In the Home

A Look at the Trends 

OKC-based contractor Kent Hoffman says that open concepts – kitchens blending with living rooms blending with outdoor spaces – are a major request for many of his clients. Photo courtesy Kent Hoffman Construction

Current in-home trends reflect homeowners’ inclinations to nestle into the quiet luxury of understated opulence, rather than indulge in flashy design, says builder Kent Hoffman, owner of the OKC-based Kent Hoffman Construction. Instead of moving, today’s homeowners also want to improve their existing spaces.

While the 2020 pandemic led to a rise in home office installations, Hoffman says that “COVID focused people more on improving their homes in general, as they’re spending a lot of time there. The thinking is that if it happened again, our homes would be ready. And some people aren’t traveling as much, so they’re using that income to improve their homes.”

Many people are opting to re-do kitchens and upgrade primary bedrooms with ensuite bathrooms and closet expansions.

“There’s also a great demand for outdoor living spaces,” says Hoffman. “This can be as simple as a patio or as involved as a covered outdoor living room with sun-blocking blinds, a TV, heating, a fireplace – and frequently this includes a pool.”

But trends vary with the scale and price point. 

“We are blessed to work in a very high-end world of projects,” says Hoffman. “We are getting more requests for two kitchens – a main kitchen and additional prep kitchen that is often a ‘butler’s pantry.’ The open living concept is still popular, but now people are also wanting a separate dining room. Overall, kitchens opening to a family room and onto an outdoor living room are popular, as a lot of living goes on in those spaces.”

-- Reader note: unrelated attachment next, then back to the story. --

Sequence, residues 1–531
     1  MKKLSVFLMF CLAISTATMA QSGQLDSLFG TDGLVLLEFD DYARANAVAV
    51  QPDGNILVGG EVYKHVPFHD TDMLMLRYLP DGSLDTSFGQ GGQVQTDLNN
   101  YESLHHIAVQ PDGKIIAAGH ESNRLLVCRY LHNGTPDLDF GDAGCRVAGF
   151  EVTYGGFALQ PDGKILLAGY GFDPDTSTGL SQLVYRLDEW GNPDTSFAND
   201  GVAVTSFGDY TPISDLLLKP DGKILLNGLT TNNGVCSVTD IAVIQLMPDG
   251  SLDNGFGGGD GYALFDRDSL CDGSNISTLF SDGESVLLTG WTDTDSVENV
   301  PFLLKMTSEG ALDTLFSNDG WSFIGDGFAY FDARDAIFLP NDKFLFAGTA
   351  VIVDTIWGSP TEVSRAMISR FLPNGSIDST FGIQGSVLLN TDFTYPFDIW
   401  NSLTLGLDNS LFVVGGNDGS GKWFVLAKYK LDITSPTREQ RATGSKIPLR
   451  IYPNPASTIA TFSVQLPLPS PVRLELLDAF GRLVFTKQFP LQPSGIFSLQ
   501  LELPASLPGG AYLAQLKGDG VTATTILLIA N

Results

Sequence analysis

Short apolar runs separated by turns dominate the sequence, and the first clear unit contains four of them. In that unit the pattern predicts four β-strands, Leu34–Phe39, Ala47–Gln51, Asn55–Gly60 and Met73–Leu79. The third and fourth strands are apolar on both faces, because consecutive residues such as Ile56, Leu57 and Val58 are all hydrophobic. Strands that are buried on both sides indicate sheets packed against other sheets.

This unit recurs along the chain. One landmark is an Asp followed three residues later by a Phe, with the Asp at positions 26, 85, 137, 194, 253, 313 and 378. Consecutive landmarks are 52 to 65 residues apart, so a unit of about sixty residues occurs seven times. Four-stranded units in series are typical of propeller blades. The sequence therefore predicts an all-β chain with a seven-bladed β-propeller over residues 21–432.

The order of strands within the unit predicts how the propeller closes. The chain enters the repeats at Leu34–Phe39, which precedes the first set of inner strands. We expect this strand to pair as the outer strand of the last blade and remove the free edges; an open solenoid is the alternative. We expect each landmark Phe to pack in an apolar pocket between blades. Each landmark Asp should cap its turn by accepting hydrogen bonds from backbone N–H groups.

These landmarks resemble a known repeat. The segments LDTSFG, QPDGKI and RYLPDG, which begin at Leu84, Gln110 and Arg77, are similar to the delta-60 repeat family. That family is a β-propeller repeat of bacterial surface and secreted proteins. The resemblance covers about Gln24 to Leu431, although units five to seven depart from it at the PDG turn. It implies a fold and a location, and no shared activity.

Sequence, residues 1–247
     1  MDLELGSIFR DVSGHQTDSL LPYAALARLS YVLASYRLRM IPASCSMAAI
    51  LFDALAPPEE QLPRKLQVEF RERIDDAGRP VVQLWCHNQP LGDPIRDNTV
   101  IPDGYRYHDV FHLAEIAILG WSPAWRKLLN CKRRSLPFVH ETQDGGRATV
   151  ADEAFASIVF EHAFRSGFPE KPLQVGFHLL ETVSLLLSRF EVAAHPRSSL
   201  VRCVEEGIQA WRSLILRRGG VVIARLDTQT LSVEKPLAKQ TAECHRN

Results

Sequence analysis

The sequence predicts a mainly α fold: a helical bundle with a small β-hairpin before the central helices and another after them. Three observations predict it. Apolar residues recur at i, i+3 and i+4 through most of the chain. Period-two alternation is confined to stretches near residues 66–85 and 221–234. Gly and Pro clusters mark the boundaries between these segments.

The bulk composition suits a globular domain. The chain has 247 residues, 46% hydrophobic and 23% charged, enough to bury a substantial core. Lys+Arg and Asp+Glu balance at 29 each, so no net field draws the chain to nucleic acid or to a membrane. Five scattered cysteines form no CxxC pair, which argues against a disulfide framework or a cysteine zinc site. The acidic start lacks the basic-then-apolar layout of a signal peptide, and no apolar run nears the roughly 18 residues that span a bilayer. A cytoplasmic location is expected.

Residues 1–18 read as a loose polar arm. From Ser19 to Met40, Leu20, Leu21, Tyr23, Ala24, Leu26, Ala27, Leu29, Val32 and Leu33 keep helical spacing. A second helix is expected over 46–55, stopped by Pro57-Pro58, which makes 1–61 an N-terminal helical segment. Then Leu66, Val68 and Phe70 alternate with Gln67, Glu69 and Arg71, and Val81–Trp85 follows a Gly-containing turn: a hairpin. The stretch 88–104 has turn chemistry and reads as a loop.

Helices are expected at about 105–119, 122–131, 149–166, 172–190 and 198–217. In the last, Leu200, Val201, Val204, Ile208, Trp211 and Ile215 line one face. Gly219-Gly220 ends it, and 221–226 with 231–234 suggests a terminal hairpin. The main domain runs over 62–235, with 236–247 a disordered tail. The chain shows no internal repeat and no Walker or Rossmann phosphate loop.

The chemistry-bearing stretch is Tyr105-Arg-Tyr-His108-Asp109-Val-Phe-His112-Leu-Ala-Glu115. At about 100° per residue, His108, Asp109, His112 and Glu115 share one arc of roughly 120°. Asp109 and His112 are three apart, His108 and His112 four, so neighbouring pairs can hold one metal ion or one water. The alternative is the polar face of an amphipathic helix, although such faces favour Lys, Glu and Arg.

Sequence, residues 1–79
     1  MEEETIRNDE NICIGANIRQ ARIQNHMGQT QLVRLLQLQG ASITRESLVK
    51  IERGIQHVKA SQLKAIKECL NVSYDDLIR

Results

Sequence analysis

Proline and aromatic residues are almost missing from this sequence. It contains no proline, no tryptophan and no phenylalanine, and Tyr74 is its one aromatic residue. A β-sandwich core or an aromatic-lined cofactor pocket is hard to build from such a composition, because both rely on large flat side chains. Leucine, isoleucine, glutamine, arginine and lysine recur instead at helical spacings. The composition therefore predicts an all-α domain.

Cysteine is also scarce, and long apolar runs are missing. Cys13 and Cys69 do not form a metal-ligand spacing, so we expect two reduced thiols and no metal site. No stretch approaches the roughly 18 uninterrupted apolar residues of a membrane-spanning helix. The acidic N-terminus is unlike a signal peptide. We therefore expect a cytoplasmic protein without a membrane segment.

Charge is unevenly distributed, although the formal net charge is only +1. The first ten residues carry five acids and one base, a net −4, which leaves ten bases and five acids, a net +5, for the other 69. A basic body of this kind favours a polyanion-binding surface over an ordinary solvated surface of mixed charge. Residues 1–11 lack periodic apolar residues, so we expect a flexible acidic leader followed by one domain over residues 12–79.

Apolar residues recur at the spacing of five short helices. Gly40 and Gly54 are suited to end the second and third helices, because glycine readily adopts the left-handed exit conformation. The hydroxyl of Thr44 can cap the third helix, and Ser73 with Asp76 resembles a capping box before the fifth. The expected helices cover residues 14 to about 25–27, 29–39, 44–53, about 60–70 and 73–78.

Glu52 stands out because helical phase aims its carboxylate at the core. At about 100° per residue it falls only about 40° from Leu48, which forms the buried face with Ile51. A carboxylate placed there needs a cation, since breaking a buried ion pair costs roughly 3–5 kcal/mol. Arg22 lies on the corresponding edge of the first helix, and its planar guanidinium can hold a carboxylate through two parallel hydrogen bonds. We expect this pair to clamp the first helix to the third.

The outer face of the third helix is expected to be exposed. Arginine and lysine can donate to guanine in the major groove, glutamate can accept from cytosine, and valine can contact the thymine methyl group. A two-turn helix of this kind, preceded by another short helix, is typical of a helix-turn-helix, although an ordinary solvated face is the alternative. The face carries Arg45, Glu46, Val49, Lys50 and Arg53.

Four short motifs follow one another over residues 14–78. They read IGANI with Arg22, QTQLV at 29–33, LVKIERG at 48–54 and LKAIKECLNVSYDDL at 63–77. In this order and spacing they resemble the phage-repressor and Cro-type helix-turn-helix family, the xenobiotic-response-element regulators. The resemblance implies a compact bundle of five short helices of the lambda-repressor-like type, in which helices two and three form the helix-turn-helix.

Style choices can vary widely, he says, but in general, modern style is au currant with people seeking that clean, sleek, open ambiance with light colors and countertops.

“I try to incorporate some water element in every project we do, and rarely do clients turn down the option – as people love that sound of trickling, babbling water,” says Tulsa-based architect Brian Freese. Photo courtesy Freese Architecture

Home Improvement

Home improvement projects continue to be a consumer draw to build equity in one’s home as well as curate features to fit the desires of a homeowner. Current demand is high to incorporate multigenerational spaces – meaning additional entrances for parents or for kids moving back home, as well as basements with full kitchens and baths and multi-use playrooms. A record number of baby boomers are aging in place as well, creating a need for safety improvements like walk-in tubs and stair lifts. 

Kathy Caviness with OKC-based Caviness Landscape and Design has noticed home improvement measures that also improve one’s health.

“A big trend in 2024 is a concentration on health benefits. Outdoor cold plunge features starting around $4,900 are rising in popularity due to the health benefits,” she says. “These built-in cold plunges can be integrated into the landscape like a hot tub or spa would be. The benefits are numerous – from enhanced mood and focus to reduction in inflammation and muscle soreness. Saunas are rising in popularity again as well. When combining the two, the benefits improve even more. Integrating both into a landscape design where they can blend in and not be an eyesore can be achieved with an experienced landscape designer.”

Keeping It Sustainable 

Going green continues to remain a top priority for homeowners and designers in 2024. Practices to become more sustainable run the gamut and include energy efficient lighting; the use of recycled, repurposed or reclaimed materials; upgrading and sealing windows and doors to reduce the need for air conditioning; purchasing energy-efficient appliances; solar energy usage; eco-friendly paint for renovations or new projects; and even growing food-bearing gardens.